This is post number three in a four-part series on Denver’s streetcar legacy and its role in neighborhood walkability. For the introductory post, click here and for the second post, click here. To get the most out of this post, I recommend taking a look at my app and selecting the Streetcar Legacy section on the sidebar.
Just as cars and highways shaped the urban form of modern American metropolitan areas by encouraging dispersed patterns of development, a similar process occurred with the streetcar in the first half of Denver’s history. Denver once existed as a very compact city with development reaching only as far as the edges of the modern central business district. When the streetcar entered the picture, the footprint of the city began to expand along the streetcar routes. As late as 1933 (first three images below on left) the development of the city was tightly bound to the streetcar lines. The city existed as a grid of streets with rows of buildings clustered tightly about the streetcar lines, with open land only a few blocks beyond.
The difference between rail transit and highways lies in the degree of dispersion. With the streetcar, people had to walk to and from the stops. This naturally limited this distance that buildings could be built from the stops to no more than about a half mile, often less. With highways (below far right) this is not the case. When a motorist exits a highway, they continue to drive until they reach their final destination, where they can then almost always park on site. Walking is hardly a factor anymore, so development can spread farther from the highway without any travel time sacrifice.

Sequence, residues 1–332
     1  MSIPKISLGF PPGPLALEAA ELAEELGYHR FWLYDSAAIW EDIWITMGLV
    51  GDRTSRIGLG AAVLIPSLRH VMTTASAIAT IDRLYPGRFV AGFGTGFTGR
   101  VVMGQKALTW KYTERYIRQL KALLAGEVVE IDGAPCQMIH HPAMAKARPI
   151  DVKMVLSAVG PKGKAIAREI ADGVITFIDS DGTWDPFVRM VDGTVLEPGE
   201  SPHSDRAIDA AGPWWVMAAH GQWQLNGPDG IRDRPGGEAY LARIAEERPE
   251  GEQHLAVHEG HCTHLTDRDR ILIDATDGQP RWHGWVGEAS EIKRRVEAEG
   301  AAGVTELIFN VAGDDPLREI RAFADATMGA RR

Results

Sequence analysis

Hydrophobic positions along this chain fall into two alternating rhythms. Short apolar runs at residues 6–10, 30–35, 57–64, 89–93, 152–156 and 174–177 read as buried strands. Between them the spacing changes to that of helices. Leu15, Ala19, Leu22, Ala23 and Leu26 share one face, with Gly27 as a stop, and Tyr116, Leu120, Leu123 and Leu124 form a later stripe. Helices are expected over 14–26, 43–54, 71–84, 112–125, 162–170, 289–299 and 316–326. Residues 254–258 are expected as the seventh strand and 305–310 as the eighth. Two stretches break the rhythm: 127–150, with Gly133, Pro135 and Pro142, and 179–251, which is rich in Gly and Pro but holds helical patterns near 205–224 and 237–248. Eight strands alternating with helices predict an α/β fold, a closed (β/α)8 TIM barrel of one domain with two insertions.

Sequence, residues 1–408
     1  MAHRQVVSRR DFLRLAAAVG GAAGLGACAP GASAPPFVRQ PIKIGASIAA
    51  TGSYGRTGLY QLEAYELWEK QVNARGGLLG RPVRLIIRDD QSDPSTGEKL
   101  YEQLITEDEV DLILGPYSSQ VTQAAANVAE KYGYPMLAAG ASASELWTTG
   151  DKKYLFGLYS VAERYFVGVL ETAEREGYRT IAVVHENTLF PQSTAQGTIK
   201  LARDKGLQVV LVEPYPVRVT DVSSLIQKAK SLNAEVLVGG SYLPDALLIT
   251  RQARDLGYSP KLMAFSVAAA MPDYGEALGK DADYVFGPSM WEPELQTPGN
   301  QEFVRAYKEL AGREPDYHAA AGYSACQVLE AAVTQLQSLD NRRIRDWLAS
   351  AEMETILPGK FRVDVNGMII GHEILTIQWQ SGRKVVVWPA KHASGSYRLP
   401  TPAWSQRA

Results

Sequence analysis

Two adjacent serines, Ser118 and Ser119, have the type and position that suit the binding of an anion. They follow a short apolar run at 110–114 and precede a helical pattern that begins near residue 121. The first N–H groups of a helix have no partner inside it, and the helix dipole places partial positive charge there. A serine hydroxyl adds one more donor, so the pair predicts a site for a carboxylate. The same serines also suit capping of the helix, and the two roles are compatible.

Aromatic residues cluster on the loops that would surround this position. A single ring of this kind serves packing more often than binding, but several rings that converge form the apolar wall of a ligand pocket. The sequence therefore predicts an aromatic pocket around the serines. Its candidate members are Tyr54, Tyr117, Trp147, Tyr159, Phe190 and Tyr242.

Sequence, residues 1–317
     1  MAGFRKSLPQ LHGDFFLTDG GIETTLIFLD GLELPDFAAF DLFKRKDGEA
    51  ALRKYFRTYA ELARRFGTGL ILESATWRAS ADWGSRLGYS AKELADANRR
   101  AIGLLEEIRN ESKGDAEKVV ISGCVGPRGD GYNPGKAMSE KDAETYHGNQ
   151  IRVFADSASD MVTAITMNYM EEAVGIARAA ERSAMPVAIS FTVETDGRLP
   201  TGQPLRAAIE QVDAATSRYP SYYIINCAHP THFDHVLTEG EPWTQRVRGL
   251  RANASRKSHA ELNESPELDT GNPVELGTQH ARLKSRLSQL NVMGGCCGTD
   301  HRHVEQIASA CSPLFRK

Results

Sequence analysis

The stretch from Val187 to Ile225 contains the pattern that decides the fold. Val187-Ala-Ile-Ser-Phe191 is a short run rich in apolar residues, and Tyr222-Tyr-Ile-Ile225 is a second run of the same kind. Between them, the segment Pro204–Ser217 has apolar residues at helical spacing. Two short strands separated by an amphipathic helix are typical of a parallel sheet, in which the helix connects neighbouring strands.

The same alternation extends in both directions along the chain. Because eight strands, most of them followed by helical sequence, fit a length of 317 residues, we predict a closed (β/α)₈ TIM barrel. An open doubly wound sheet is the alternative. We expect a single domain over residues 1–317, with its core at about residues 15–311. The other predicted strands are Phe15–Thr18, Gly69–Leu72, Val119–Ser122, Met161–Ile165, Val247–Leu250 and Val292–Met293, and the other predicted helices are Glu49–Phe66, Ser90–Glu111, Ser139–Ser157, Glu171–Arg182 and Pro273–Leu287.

So walking is part of any transit trip. You have to walk from your origin to the closest transit stop, and from the transit stop where you get off to your destination. This was daily life for most Denverites in the first half of the city’s history and the built environment was configured to facilitate this with a tightly gridded street pattern clustered about the streetcar lines. Additionally, commercial centers also developed on the same streets as the streetcar right-of-way. This allowed the people walking to and from the streetcars to purchase goods and services before continuing on their way.
These commercial nodes capitalized on the foot traffic generated by the streetcar to succeed. As a result, every neighborhood in the city had a vibrant commercial center and nearly every household in the city was within walking distance of most of their daily needs.
Today, the streetcars are gone, but many of these commercial centers remain. The most obvious examples are the continuous corridors on arterial streets like Broadway and Colfax, but they are also scattered on more neighborhood-oriented streets like South Pearl near Florida, Gaylord at Mississippi, and Tennyson at 41st. It is these neighborhood commercial nodes that are particularly special because they lack the noisy and dangerous automobile traffic of bigger streets, and are therefore more pleasant for the pedestrian. For my master’s capstone project, I mapped every single one of them.